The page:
CHICAGO - Tornadoes that ripped through Oklahoma killed nine people, including two children, officials said Saturday, as flooding hampered cleanup efforts in the US state recently ravaged by a monster twister.

The Medical Examiner’s Office revised the death toll upward from five in the wake of Friday night’s storms that battered areas in and around Oklahoma City with high winds and heavy rain.

Five of the victims have not been identified. The Oklahoma Department of Emergency Management said earlier that a mother and child perished as they traveled in their car on an interstate highway.

It was not immediately clear how many people were injured by the series of storms that struck the area around Oklahoma City. Local broadcaster KOCO said on its website that 77 people had been admitted to hospitals with storm-related injuries.

Reports said five twisters had struck with winds of up to 90 miles (145 kilometers) per hour, accompanied by very large hail. Flash floods also hit the area, the Tulsa World newspaper said.

The National Weather Service’s Storm Prediction Center in Norman, Oklahoma, said the first tornado developed around the city of El Reno before moving into parts of Oklahoma City, spawning others.

Saturday also marked the official start of a US hurricane season in which some forecasters have said there could be more extreme weather coming in from the Atlantic, triggered by warmer than average water temperatures. As the extent of the devastation in Oklahoma became clear, the work of cleanup crews was complicated by downpours that drenched the region overnight.

Officials from hard hit Canadian County, speaking on CNN, said crews were working to assess and restore “washed out” places.  A trailer park in Oklahoma City was among areas evacuated Saturday morning by boat, raft and Humvee, according to KOCO. Photos showed streets looking like rivers, with stranded cars submerged in water as high as their door handles in some places.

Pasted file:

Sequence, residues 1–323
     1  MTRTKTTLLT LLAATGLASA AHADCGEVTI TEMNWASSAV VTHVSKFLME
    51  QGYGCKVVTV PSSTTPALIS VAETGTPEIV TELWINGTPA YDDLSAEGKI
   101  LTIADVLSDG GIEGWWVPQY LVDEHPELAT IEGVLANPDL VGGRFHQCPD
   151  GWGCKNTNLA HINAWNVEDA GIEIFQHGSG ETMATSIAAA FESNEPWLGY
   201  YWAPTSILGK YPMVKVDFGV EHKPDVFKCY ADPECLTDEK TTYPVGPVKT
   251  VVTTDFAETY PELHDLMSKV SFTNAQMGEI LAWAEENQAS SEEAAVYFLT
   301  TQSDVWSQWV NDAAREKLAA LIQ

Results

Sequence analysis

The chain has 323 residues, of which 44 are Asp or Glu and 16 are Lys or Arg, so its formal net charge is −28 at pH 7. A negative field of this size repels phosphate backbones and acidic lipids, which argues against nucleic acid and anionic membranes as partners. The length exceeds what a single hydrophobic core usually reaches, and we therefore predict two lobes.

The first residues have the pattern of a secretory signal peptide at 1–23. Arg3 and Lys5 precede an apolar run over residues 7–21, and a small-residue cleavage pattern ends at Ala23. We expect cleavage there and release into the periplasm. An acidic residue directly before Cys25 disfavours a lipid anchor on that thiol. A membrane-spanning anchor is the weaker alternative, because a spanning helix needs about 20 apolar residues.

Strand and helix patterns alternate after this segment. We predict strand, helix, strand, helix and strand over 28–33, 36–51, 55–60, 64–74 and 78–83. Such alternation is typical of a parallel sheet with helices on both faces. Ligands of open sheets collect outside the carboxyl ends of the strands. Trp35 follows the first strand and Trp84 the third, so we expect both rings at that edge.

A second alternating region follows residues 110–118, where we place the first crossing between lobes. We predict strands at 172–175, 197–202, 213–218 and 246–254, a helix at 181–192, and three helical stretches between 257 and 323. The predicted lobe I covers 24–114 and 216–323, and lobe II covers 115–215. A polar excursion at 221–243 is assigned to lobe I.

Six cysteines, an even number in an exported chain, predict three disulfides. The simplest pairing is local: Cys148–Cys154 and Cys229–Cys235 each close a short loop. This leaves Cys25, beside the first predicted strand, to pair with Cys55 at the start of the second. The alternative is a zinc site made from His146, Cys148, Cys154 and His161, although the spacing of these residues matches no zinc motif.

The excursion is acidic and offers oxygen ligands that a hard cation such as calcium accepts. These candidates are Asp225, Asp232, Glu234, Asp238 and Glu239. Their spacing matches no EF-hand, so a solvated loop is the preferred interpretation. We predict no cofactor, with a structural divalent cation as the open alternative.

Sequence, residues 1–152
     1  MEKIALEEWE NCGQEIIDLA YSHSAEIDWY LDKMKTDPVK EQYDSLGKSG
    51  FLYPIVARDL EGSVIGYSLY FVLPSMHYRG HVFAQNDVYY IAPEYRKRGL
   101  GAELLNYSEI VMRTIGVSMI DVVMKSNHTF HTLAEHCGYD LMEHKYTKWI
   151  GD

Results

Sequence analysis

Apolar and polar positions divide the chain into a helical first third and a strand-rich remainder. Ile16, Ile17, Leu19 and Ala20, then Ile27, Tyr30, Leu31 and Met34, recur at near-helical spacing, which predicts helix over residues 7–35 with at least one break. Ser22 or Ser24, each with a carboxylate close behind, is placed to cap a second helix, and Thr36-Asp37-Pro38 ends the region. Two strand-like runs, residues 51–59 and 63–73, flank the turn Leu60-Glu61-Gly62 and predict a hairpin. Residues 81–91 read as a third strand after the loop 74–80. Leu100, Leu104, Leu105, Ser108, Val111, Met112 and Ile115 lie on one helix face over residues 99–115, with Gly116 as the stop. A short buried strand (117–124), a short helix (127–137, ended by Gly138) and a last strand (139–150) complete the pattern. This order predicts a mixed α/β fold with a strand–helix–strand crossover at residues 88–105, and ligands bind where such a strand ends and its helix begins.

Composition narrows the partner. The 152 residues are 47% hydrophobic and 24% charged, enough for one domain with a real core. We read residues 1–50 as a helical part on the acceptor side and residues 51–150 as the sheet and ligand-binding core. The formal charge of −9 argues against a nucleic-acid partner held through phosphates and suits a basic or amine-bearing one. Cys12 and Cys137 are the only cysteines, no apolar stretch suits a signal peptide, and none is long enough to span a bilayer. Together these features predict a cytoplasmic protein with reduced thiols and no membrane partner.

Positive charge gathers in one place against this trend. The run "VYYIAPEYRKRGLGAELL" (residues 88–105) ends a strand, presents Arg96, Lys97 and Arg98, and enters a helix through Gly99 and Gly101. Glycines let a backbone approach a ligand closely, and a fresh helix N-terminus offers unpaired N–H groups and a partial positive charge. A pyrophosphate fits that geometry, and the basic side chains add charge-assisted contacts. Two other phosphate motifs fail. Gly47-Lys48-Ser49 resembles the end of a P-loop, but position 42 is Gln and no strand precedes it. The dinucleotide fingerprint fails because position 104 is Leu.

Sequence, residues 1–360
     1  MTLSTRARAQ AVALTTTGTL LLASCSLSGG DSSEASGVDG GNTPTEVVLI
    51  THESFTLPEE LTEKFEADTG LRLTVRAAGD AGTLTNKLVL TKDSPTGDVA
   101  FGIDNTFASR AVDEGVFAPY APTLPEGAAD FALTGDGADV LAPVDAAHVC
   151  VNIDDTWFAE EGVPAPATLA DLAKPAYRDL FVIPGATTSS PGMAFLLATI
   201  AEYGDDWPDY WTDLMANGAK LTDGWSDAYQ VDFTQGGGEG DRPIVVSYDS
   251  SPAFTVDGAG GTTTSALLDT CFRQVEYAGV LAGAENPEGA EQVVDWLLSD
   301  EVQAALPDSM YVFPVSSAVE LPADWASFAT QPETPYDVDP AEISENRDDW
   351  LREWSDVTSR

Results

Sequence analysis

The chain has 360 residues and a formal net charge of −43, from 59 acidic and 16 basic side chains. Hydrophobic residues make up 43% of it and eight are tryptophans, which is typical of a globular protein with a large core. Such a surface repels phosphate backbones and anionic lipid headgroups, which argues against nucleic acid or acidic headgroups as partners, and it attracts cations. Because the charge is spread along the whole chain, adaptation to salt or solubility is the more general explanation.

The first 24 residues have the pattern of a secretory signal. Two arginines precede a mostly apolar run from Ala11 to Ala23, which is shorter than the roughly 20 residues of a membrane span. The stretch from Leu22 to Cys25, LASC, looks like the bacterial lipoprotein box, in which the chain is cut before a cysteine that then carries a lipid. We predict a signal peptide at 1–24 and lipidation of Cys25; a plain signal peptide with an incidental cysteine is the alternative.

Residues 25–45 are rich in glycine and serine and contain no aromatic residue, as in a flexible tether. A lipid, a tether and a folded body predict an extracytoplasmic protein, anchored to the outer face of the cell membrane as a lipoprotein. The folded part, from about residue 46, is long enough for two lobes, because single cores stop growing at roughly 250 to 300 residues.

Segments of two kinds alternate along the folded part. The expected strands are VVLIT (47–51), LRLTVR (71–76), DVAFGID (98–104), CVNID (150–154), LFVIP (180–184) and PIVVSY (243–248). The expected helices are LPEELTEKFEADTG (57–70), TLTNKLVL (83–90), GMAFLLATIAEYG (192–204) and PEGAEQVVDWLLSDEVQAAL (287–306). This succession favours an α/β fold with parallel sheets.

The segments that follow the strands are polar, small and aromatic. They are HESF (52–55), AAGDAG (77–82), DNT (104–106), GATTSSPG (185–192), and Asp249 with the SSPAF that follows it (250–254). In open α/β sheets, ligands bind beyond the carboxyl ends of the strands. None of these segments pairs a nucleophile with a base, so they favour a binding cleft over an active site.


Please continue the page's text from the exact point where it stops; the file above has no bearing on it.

Officials for Oklahoma City’s Will Rogers World Airport said on Twitter that passengers had been evacuated to an underground tunnel and that flights in and out had been suspended. The airport was re-opened by around 3:30 am local time (0830 GMT), but all early departures had been canceled, they said.

Power company OG&E reported 91,190 electricity outages as of noon Saturday and the American Red Cross has opened shelters for those in affected areas.

The National Weather Service’s Storm Prediction Center warned that the severe weather was shifting eastward Saturday, with the Ohio and Mississippi River Valleys set to receive the bulk of the storms.

Friday’s storms were far less damaging than the tornado that hit the Oklahoma City suburb of Moore nearly two weeks ago that left 24 dead and demolished large swathes of the town with winds above 200 miles (322 kilometers) per hour, affecting a total of 33,000 people.

Severe weather was also reported in the US state of Missouri and Illinois, as well as elsewhere in the Midwest.

The United States is hit by an average of 1,200 tornadoes per year. They are particularly prominent in the Great Plains states of Kansas, Oklahoma and Texas.